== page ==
Tween Hallowe'en comedy that never delivers on its promise of its weak premise
After the recent death of Beastie Boys' Adam Yauch, the band announced that they would not license their music for use in adverts. Presumably the crassest of teen comedies are a more acceptable medium, as Fun Size’s lamentable climax involves their 'Fight For Your Right' anthem played over a grotesque scene in which a Pepto-Bismol chugging junkie (played by Jackass star Johnny Knoxville) is tortured by teenage kids throwing fireworks into his house. It’s hard to imagine this as something Yauch would have wanted.
It’s equally hard to imagine who would want Fun Size, a labored tween comedy that belies the considerable experience of Nickelodeon, the US TV channel responsible. Falling between the smarts of Mean Girls and the goofy Diary of a Wimpy Kid franchise, Fun Size never delivers on its promise of its weak premise.
Victoria Justice, star of her own TV show Victorious, and Jane Levy from Suburgatory, star as Wren and April, hoping to attend a Halloween party and hang out with class hotties like Aaron Riley (Thomas McDonell). Wren’s mother (Chelsea Handler) decides to go out instead, leaving Wren to babysit her own little brother Albert (Jackson Nicoll). The diminutive Albert, dressed in his mini-Spiderman costume, gets lost, and Wren and April have to hit the local party scene to find him.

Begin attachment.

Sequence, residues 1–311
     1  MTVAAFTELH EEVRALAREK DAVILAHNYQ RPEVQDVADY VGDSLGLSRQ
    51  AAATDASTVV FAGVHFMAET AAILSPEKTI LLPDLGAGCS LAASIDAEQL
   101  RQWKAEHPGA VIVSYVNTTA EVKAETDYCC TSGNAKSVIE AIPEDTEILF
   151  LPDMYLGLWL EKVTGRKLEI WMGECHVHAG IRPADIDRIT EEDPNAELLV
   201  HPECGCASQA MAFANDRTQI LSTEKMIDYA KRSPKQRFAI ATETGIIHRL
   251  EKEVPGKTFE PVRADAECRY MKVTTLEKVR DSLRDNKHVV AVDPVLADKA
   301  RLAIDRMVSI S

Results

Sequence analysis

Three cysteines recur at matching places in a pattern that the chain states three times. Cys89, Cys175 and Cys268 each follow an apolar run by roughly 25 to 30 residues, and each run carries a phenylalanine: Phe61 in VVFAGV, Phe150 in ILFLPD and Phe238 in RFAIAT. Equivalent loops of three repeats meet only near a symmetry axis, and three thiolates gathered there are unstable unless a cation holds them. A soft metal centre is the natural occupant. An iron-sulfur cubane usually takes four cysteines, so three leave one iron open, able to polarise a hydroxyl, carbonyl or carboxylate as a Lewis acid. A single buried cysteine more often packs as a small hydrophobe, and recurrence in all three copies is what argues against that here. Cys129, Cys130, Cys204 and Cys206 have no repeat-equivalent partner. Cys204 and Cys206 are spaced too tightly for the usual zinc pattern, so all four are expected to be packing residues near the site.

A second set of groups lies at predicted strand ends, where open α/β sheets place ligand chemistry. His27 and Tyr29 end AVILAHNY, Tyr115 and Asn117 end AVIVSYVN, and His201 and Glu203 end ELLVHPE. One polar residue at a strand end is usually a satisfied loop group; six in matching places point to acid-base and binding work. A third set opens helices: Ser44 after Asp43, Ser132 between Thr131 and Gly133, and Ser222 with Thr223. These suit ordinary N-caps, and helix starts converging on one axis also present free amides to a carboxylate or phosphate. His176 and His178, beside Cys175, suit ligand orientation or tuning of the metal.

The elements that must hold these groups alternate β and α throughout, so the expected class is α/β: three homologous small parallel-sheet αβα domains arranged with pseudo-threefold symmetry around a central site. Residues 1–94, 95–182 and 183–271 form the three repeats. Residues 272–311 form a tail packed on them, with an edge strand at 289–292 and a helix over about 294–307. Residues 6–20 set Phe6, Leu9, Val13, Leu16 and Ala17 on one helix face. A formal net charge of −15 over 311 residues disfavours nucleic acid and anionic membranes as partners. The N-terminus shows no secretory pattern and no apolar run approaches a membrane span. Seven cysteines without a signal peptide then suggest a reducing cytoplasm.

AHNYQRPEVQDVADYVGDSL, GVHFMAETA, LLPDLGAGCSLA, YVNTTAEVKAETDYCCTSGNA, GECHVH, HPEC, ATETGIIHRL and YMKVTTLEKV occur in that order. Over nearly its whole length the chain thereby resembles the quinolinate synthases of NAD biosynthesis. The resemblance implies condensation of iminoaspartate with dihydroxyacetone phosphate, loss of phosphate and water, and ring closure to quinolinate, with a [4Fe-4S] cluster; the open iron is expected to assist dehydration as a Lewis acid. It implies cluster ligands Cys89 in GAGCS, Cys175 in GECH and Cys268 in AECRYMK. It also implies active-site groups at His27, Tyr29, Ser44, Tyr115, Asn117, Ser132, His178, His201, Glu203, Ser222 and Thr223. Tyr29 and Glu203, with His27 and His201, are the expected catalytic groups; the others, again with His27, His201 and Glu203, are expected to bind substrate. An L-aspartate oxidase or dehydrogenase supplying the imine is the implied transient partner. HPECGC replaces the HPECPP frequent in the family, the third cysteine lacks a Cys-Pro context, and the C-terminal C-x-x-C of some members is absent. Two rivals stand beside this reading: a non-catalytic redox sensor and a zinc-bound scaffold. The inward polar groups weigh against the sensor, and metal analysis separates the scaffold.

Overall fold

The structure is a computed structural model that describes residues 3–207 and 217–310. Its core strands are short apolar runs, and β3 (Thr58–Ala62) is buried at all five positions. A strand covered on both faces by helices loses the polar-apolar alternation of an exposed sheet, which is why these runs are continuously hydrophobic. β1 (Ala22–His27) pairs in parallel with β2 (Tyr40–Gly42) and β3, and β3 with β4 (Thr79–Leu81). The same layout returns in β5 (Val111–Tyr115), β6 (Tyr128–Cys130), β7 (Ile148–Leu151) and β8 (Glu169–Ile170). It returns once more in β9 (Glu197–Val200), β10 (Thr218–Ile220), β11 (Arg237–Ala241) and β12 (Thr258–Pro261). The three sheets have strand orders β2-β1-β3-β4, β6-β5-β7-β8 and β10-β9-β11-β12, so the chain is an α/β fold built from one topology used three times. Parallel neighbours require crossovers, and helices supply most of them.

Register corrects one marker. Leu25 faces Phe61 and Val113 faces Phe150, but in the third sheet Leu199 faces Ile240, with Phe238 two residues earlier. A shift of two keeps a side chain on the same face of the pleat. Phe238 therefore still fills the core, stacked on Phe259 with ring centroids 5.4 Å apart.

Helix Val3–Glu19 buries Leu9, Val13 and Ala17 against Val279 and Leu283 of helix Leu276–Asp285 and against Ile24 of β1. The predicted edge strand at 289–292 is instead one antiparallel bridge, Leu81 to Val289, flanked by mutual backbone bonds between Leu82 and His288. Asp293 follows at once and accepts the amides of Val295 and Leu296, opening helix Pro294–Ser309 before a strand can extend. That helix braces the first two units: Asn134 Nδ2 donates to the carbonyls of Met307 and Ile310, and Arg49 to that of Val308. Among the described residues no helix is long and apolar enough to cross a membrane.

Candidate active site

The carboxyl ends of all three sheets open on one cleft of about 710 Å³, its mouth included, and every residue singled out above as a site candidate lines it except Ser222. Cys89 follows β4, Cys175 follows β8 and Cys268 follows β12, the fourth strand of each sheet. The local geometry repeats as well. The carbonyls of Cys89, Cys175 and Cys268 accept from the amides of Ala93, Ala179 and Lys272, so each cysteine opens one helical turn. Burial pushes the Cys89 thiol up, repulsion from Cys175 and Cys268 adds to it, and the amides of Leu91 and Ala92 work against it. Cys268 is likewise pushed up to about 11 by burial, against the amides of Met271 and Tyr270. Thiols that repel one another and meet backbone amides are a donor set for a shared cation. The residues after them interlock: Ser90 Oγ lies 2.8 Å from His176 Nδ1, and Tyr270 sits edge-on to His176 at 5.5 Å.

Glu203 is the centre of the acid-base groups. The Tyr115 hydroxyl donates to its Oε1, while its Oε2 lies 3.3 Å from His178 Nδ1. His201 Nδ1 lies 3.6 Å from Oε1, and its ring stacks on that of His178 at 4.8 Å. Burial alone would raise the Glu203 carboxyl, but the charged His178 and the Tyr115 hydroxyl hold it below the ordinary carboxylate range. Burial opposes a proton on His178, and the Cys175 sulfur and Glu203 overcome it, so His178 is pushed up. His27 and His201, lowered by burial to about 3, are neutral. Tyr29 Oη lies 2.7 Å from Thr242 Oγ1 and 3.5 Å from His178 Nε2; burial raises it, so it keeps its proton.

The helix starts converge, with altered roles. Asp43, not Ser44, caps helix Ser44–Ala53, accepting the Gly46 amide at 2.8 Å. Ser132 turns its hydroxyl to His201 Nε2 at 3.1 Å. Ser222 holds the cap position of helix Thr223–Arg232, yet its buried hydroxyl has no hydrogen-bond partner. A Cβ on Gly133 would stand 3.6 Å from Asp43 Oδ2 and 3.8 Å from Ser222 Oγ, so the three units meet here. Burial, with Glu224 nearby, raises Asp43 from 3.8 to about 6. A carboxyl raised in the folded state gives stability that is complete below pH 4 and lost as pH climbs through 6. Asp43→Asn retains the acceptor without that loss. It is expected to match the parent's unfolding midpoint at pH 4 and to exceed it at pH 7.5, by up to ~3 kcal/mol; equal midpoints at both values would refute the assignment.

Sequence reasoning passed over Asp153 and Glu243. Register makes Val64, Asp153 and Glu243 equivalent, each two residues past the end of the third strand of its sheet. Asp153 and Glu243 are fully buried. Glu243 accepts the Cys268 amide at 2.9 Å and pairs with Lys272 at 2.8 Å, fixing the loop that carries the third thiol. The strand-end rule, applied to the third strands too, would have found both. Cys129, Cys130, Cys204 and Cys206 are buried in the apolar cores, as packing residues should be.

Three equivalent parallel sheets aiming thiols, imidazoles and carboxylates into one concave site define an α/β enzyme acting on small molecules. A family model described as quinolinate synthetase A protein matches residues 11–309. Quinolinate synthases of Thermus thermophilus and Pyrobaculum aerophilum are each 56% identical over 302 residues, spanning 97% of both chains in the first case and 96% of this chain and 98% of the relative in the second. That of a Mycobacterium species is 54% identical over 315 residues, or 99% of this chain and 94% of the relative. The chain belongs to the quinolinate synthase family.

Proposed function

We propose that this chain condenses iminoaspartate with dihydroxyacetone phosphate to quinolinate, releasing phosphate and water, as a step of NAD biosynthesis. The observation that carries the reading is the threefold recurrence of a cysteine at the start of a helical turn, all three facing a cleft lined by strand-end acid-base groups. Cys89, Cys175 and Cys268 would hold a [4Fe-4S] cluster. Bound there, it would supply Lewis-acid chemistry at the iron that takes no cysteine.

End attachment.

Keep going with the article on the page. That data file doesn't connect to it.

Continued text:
Despite being directed by The OC/Gossip Girl producer Josh Schwartz, Fun Size seems highly uncomfortable with the details of teenage life, and settles for predictable gags about the desirability of touching breasts, bags of dog excrement left on porch steps, and the appeal of fireworks as children’s playthings. One brief moment, involving a large mechanical chicken humping a car, works, but the rest of the offerings from Fun Size fizzle: teenagers deserve bigger portions of entertainment than these meagre morsels.